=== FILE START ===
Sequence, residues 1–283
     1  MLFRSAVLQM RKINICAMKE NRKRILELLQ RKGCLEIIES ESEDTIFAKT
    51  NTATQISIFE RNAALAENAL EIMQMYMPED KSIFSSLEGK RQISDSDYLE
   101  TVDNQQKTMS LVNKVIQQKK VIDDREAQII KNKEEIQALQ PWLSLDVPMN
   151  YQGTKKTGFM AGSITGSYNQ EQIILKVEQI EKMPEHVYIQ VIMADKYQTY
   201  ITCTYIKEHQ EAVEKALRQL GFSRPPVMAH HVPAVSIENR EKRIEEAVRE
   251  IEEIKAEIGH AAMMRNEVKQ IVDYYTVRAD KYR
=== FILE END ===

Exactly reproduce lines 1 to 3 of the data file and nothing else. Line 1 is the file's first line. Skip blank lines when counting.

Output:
Sequence, residues 1–283
     1  MLFRSAVLQM RKINICAMKE NRKRILELLQ RKGCLEIIES ESEDTIFAKT
    51  NTATQISIFE RNAALAENAL EIMQMYMPED KSIFSSLEGK RQISDSDYLE